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Hypoglycemic Agents

Hypoglycemic Agents, Anti-Arrhythmia Agents, Antidiabetic Agents


Daonil®, Euglucon®, Glibenklamid Recip, Euglucon, Glyburide, Glynase, Micronase, Novo-Glyburide, Semi-Daonil



Glyburide is an oral antihyperglycemic agent used for the treatment of non-insulin-dependent diabetes mellitus (NIDDM). It belongs to the sulfonylurea class of insulin secretagogues, which act by stimulating β cells of the pancreas to release insulin. Sulfonylureas increase both basal insulin secretion and meal-stimulated insulin release. Medications in this class differ in their dose, rate of absorption, duration of action, route of elimination and binding site on their target pancreatic β cell receptor. Sulfonylureas also increase peripheral glucose utilization, decrease hepatic gluconeogenesis and may increase the number and sensitivity of insulin receptors. Sulfonylureas are associated with weight gain, though less so than insulin. Due to their mechanism of action, sulfonylureas may cause hypoglycemia and require consistent food intake to decrease this risk. The risk of hypoglycemia is increased in elderly, debilitated and malnourished individuals. Glyburide has been shown to decrease fasting plasma glucose, postprandial blood glucose and glycosolated hemoglobin (HbA1c) levels (reflective of the last 8-10 weeks of glucose control). Glyburide appears to be completely metabolized, likely in the liver. Although its metabolites exert a small hypoglycemic effect, their contribution to glyburide's hypoglycemic effect is thought to be clinically unimportant. Glyburide metabolites are excreted in urine and feces in approximately equal proportions. The half-life of glyburide appears to be unaffected in those with a creatinine clearance of greater than 29 ml/min/1.73m2.

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In Sweden, glibenclamide has been found in wild fish in concentrations close to therapeutic concentrations in humans, which also is reasonable based on the substance solubility in fat and measured concentration in wastewater. Mechanism based efficacy data is lacking.

Glibenclamide is included in the Stockholm County Council's table of pharmaceuticals with a negative environmental impact according to the environmental programme 2017-2021.

Suggestions on how to reduce the release of glibenclamide
Concrete proposals on how to work to reduce emissions of environmentally harmful pharmaceuticals on the list have been developed in close cooperation with the Stockholm Drug and Therapeutics Committee's expert advice. The action proposals were developed from an environmental perspective. The patient's best always goes first and several pharmaceuticals on the list are also included in the Wise List. However, for such pharmaceuticals, there may be measures that could reduce the environmental impact.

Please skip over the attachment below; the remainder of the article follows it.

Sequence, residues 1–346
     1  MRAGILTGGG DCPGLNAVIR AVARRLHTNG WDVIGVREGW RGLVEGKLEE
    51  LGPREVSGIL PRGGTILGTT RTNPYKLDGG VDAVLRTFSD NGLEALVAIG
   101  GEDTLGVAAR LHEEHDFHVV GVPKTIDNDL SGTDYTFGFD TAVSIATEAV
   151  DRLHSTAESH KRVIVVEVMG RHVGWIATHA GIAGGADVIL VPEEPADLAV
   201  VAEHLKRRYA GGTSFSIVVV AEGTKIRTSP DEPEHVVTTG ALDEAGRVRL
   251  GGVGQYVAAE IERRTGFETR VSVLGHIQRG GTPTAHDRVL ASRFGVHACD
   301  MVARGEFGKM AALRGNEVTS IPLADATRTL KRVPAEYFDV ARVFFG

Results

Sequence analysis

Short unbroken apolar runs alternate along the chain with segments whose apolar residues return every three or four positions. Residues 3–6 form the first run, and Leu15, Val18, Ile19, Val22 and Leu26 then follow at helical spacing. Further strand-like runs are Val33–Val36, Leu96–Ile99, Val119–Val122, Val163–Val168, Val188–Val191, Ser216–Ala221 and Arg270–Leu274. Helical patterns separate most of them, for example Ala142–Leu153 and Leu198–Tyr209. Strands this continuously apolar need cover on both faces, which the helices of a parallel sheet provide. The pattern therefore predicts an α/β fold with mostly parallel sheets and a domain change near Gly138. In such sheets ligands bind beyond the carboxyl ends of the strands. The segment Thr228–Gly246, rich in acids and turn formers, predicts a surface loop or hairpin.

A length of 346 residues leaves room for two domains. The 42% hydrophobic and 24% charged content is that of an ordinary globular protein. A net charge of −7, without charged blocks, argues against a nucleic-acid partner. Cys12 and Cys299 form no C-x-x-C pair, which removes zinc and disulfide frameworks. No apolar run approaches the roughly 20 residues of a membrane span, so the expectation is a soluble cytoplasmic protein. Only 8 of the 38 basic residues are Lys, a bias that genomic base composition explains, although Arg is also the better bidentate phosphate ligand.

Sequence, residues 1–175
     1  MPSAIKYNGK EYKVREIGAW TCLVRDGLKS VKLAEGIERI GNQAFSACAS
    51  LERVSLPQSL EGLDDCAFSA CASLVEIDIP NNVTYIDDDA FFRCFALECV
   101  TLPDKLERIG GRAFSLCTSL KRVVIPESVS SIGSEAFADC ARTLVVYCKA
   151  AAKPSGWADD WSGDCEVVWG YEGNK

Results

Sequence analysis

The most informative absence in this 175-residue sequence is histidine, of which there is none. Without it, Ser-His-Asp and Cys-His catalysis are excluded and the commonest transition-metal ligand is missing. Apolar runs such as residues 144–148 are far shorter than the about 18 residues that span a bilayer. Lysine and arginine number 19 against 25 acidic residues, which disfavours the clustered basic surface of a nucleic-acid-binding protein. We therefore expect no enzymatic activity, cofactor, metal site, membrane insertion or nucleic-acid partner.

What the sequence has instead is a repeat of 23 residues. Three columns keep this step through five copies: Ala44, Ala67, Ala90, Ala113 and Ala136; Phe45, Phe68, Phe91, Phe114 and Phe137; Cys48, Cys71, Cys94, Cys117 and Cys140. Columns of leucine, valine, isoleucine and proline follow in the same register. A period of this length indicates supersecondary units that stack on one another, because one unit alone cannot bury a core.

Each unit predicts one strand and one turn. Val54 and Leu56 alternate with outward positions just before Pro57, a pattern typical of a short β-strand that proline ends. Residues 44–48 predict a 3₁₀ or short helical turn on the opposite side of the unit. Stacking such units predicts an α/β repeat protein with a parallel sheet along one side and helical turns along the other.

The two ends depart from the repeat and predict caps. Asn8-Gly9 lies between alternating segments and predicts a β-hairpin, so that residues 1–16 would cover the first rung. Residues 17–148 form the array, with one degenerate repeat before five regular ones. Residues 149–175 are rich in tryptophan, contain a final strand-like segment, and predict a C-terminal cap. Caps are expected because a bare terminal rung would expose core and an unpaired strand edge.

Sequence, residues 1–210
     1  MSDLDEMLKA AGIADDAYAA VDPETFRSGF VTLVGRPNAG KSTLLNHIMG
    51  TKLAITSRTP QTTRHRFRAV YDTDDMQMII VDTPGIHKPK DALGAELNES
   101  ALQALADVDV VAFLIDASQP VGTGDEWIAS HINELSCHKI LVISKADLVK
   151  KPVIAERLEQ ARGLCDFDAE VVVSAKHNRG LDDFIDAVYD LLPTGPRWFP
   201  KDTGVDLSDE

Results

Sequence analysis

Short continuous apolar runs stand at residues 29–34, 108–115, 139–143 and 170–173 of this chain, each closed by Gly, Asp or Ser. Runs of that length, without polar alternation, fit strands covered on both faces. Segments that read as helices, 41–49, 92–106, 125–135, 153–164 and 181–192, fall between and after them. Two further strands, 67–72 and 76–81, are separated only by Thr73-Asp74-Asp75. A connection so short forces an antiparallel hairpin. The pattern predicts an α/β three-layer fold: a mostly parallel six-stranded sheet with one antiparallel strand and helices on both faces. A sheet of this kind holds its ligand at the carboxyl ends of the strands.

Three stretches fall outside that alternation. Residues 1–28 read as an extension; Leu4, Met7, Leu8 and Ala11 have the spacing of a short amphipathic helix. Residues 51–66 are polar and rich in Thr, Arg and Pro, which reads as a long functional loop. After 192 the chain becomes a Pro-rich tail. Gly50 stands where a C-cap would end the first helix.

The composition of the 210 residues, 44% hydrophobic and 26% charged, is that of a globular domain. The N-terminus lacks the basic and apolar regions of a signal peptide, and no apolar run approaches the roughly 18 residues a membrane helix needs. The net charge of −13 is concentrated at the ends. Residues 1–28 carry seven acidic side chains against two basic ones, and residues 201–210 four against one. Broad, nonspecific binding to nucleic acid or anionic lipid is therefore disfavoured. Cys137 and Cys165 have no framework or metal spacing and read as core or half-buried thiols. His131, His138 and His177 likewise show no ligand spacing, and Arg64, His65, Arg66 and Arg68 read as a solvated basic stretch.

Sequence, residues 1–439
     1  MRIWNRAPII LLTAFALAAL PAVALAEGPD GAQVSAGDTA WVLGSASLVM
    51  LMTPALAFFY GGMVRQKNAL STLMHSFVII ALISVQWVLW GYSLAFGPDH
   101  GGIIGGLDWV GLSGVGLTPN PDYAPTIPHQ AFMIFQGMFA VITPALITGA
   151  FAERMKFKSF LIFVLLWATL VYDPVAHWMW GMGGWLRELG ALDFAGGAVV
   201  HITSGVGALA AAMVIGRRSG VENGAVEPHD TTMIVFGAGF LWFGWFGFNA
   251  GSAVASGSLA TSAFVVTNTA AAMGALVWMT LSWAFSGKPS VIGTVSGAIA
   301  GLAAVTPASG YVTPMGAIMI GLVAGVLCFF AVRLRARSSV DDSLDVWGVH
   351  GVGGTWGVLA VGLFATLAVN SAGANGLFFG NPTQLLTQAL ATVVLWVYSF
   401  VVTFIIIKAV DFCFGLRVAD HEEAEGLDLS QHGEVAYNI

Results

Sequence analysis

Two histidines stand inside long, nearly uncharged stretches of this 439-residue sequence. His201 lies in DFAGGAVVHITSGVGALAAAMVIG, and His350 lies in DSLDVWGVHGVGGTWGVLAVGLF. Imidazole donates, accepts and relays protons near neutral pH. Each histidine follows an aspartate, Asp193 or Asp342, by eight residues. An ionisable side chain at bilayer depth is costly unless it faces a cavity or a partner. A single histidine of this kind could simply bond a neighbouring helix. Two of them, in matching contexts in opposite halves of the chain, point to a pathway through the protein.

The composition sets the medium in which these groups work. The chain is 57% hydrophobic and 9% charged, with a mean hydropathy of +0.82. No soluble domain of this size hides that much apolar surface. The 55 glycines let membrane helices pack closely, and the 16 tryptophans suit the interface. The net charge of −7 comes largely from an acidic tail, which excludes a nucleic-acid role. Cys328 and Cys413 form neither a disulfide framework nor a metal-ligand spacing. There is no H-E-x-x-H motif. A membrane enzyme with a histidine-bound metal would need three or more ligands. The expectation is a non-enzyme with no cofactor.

Concrete proposal for glibenclamide:
•Glibenclamide is not recommended in the Wise List.
• Individual pharmaceutical adjustment in the treatment of diabetes mellitus type 2 is important to optimize the treatment and avoid side effects.
• Alternatives may be glimepiride (recommended in the Wise List) or repaglinide (recommended in the Wise List and is better from an environmental point of view than glibenclamide).
• Healthy living habits such as weight loss in obesity, increased physical activity, well-balanced diet and avoiding over-consumption of alcohol could help reduce pharmaceutical use in some patients.

The risk insignificant, according to Fass.se, is calculated on total sold amount (kg) of the substance in Sweden during the year 2015 and the toxicity of the substance, i.e. consideration has not been given to measured levels in the environment.


  1. Goodpoint. Prioritering av läkemedel med miljörisk inom SLL. Stockholm: Goodpoint; 2016. Rapport LS 2016–0634.
  2. IVL Swedish Environmental Research Institute Ltd. Fick J, Lindberg RH, Kaj L, Brorström-Lundén E. Results from the Swedish National Screening Programme 2010. Subreport 3. Pharmaceuticals.
  3. IVL Swedish Environmental Research Institute Ltd Fick J, Lindberg RH, Fång J, Magnér J, Kaj L, Brorström-Lundén E. Screening 2014. Analysis of pharmaceuticals and hormones in samples from WWTPs and receiving waters. Rapport C 135.
  4. Fick J, Lindberg RH, Tysklind M, Larsson DG. Predicted critical environmental concentrations for 500 pharmaceuticals. Regul Toxicol Pharmacol. 2010;58:516-23.
  5. Stockholms läns landsting. Förteckning över miljöbelastande läkemedel med åtgärdsförslag framtagen inom ramen för SLL:s miljöprogram 2017–2021.
  6. Fass.se för vårdpersonal
  7. Socialstyrelsen. Statistikdatabas för läkemedel.
  8. Stockholms läns landsting. Janusinfo: Läkemedelsuppföljning